U.S. Rep. Jim Langevin does not plan to run for re-election to the seat he has held for more than two decades, he said Tuesday, scrambling the state’s political landscape just weeks into an election year.

Calling his political career “the privilege of a lifetime,” the fifty-seven-year-old Langevin announced his decision in a YouTube video and a guest column in The Providence Journal.

A Democrat, Langevin represents the 2nd Congressional District, which covers the western and southern portion of Rhode Island. He previously served as Rhode Island secretary of state and a state representative from Warwick.

Although he made a pet issue of cyber-security, Langevin is best known for building a career in politics after being paralyzed when he was accidentally shot at age 16 during a visit to the Warwick Police Department. He was the first quadriplegic elected to Congress.

"The story of Jim Langevin will forever be remembered as one of perseverance and a dedication to public service,” U.S. Rep. David Cicilline, the state’s other member of Congress, said in a statement. “It is one that will inspire our colleagues in government today and the future leaders of our state and nation for generations to come.”

In explaining his decision to not seek re-election, Langevin said it was time for a change.

Although he did not refer to this, Republicans have a strong chance of taking over the U.S. House in elections this year. The congressman’s grit in facing the challenges of being paralyzed has made him a respected figure while also prompting periodic questions about how long he would want to serve in Congress, considering the lengthy preparation required to face each day.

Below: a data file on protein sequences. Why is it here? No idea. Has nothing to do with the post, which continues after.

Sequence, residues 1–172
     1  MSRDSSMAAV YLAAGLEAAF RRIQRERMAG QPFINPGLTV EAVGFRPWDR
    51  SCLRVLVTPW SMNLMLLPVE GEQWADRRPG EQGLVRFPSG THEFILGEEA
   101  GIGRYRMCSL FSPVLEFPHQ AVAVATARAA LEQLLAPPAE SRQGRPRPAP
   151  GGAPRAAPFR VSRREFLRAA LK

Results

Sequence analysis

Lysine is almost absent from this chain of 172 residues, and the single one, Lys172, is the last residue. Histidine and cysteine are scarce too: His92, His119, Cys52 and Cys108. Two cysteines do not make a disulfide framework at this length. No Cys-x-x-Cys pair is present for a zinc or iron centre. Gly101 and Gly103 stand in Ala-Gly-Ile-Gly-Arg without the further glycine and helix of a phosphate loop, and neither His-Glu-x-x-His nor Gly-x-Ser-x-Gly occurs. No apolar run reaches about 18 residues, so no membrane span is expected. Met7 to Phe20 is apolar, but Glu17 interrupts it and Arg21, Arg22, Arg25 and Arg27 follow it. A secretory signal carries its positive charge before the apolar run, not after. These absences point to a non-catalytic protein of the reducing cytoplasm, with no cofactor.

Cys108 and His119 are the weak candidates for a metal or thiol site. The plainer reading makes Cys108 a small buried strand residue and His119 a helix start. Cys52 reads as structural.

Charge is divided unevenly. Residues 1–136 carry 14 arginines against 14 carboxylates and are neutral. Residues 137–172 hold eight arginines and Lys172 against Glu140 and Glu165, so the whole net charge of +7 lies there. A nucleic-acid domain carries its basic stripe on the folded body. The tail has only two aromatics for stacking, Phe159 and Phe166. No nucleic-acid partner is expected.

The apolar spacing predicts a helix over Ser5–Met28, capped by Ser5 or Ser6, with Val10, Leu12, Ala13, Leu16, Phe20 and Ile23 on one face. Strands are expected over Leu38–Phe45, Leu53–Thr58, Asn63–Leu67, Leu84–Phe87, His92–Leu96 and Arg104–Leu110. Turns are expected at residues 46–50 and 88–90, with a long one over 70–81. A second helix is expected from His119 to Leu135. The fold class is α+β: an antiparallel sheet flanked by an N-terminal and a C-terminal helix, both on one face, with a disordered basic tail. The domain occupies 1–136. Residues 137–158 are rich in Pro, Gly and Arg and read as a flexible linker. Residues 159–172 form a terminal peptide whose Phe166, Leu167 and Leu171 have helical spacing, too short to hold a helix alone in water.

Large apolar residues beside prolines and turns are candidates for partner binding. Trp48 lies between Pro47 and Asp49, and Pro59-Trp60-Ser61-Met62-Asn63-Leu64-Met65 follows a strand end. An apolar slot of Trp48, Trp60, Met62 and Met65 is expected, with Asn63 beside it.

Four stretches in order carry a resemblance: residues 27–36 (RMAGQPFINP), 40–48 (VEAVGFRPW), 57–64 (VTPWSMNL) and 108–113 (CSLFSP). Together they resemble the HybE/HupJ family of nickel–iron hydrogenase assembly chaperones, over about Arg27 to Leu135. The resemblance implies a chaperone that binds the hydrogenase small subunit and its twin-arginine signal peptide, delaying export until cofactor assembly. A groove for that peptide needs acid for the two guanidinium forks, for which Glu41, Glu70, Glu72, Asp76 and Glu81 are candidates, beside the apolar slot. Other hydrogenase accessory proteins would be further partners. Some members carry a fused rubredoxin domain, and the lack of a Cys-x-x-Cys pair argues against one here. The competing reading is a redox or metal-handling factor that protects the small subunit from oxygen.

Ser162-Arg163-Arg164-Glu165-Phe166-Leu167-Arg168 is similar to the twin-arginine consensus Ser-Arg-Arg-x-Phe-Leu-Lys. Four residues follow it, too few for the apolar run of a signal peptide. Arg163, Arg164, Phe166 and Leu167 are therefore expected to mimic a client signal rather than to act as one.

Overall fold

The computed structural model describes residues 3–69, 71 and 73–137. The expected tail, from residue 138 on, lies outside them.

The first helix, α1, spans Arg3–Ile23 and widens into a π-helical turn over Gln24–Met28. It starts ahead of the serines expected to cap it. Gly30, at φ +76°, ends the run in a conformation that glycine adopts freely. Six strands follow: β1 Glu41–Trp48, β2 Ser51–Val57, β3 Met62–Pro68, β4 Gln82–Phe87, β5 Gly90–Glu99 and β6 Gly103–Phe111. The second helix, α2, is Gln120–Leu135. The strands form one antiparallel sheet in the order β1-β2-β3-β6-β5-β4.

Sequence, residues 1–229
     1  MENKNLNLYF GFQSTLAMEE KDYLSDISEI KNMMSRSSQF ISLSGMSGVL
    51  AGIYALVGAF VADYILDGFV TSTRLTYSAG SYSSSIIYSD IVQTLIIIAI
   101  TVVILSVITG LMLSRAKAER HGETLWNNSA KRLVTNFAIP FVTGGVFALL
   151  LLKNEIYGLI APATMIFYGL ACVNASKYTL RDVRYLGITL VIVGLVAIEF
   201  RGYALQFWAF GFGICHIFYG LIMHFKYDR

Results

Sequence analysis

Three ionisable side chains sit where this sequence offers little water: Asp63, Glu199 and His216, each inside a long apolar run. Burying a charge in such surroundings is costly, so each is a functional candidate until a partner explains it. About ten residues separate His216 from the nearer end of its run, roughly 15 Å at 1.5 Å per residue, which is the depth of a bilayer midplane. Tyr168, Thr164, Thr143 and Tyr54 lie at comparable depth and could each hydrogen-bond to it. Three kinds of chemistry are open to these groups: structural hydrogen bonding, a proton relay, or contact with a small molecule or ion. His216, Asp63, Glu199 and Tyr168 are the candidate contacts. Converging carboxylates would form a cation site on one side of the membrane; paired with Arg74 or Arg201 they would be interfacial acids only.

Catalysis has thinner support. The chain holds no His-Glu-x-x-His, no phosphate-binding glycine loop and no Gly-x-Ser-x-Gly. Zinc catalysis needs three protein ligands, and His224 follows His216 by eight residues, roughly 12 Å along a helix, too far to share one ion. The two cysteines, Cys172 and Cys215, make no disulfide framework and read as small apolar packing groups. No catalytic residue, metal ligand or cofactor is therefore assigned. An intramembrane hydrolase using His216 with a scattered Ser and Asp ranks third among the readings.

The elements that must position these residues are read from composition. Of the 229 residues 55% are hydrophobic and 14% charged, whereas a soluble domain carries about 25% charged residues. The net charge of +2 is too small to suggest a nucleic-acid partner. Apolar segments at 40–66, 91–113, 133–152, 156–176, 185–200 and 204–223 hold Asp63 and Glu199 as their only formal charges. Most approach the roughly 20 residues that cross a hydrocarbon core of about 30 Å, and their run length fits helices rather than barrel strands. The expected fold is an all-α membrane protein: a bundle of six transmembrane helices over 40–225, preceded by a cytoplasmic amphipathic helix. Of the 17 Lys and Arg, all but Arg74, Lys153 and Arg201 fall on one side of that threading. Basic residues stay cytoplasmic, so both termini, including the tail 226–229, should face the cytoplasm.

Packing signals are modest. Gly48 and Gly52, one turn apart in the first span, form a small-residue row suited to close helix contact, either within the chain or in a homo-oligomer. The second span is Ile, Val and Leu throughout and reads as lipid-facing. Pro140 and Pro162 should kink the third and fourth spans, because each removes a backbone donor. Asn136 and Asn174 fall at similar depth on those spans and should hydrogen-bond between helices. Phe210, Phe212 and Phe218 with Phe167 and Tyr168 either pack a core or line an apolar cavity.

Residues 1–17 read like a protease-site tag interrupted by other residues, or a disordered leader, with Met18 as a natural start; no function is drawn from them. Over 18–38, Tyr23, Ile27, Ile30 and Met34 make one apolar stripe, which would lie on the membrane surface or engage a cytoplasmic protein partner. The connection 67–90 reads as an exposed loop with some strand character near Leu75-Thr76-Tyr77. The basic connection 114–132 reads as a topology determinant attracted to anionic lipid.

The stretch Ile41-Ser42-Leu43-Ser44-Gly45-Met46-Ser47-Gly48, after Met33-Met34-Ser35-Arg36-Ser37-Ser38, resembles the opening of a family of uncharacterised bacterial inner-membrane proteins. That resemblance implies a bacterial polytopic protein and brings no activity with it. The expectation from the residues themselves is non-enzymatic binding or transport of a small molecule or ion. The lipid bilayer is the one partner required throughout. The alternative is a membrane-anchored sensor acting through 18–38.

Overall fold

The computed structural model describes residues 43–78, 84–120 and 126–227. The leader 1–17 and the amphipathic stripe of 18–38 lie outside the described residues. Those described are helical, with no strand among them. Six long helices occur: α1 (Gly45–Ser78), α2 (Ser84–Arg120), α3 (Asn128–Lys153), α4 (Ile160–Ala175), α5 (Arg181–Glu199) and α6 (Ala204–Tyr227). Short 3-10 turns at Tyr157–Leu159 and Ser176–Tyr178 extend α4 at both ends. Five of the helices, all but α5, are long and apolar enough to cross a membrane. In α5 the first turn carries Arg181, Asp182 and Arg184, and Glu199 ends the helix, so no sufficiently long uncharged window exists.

On some level, Langevin's decision is ironic. That's because Rhode Island faced a prospect of losing one of its two congressional seats after the latest Census. As it turned out, both seats were preserved (and few observers expected a head to head match between Langevin and Cicilline).

In his ProJo op-ed, Langevin wrote, “I’ll always cherish the moment that I became the first Congressman in a wheelchair to preside over the House of Representatives as Speaker Pro Tempore, as we marked the 20th anniversary of the Americans with Disabilities Act,” he wrote in his op-ed.

Langevin’s announcement means Rhode Island will see a contest for an open congressional seat for the first time since U.S. Rep. Patrick Kennedy retired in 2010, alongside what are sure to be heated campaigns for governor and the other state Constitutional offices.

Prospective candidates could include House Speaker Joe Shekarchi, a Warwick Democrat with more than $1 million in his campaign account, and former Cranston Mayor Allan Fung or his wife, state Rep. Barbara Ann Fenton-Fung (R-Cranston). Other state lawmakers may look at the race, including state Sen. Josh Miller (D-Cranston). In a tweet, Secretary of State Nellie Gorbea said she will remain a candidate for governor.

Shekarchi offered accolades for his fellow Warwick Democrat, adding, “Today is a day to recognize his personal achievements and accomplishments, not for future political speculation. I wish Jim all the best in his future endeavors.”

In 2020, former GOP state representative Robert Lancia got 42 percent of the vote, 16 points less than Langevin. Lancia is running again this year.